Suppose the model is revised, and we now assume that deep recessions lead to a long period of sluggish growth as aggregate supply is depressed. In that case we will have not one mystery to explain (2007-09), but dozens. A more plausible explanation of the recent period is that the Great Recession just happened to coincide with a slowdown in trend growth. The unemployment rate did recover, which is exactly what you'd expect if my theory were correct. Instead, other factors not usually linked to AD seem to explain the slowdown. These include a slowdown in the growth rate of the working age population as well as a slowdown in productivity growth. Could the Great Recession have caused the sharp slowdown in productivity growth? I suppose anything is possible, but in that case why didn't previous deep recessions lead to slowdowns in productivity growth?

There's another, and in my view even more persuasive argument against Yellen's theory. The models that try to explain why AD might depress AS tend to predict lower levels of RGDP, but no permanent reduction in the growth rate of RGDP. This might reflect discouraged workers retiring or going on disability, as well as a slightly smaller capital stock. Neither factor should reduce the long run trend rate of growth in RGDP--it's one-time level reduction.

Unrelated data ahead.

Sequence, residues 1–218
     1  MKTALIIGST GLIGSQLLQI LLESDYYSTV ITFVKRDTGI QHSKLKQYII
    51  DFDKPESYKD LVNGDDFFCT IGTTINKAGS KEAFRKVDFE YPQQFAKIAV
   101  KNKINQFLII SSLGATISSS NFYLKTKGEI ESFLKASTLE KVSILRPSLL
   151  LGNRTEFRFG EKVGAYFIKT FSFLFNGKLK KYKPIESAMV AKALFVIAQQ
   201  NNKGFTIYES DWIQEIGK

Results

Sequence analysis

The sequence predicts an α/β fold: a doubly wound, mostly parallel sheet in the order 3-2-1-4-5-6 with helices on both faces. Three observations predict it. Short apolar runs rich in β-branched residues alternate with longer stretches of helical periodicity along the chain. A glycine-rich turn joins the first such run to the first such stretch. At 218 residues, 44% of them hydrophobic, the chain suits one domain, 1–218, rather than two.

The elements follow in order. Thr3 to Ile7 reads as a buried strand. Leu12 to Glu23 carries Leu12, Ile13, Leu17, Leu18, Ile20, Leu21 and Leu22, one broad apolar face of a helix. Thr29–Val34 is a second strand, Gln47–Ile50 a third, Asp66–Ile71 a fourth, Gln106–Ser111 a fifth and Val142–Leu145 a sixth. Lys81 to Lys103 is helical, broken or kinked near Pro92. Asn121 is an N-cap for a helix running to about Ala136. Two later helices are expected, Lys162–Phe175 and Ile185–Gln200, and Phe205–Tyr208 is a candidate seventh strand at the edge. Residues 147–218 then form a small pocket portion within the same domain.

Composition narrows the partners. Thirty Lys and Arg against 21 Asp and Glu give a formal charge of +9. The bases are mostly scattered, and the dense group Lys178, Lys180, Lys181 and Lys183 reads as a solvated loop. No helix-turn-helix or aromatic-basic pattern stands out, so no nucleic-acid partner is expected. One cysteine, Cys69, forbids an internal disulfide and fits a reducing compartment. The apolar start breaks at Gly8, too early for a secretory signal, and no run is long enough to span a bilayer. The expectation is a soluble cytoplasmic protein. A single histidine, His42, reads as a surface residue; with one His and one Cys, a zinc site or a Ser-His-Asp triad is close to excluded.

Now admittedly it's too soon to say the long run trend rate of growth has slowed. But this leads to the biggest problem with Yellen's hypothesis: long-term interest rates are extremely low, both in nominal and real terms. The overwhelmingly most likely explanation of the lower than normal long-term real interest rate is that the market expects sluggish RGDP growth to be the new normal. If that's the case, then there is really no plausible AD model to explain this slowdown. It's just barely possible that the 2008 recession depressed output by 5% today (although I doubt it) but it's completely implausible that it would depress output by 20% in the year 2030.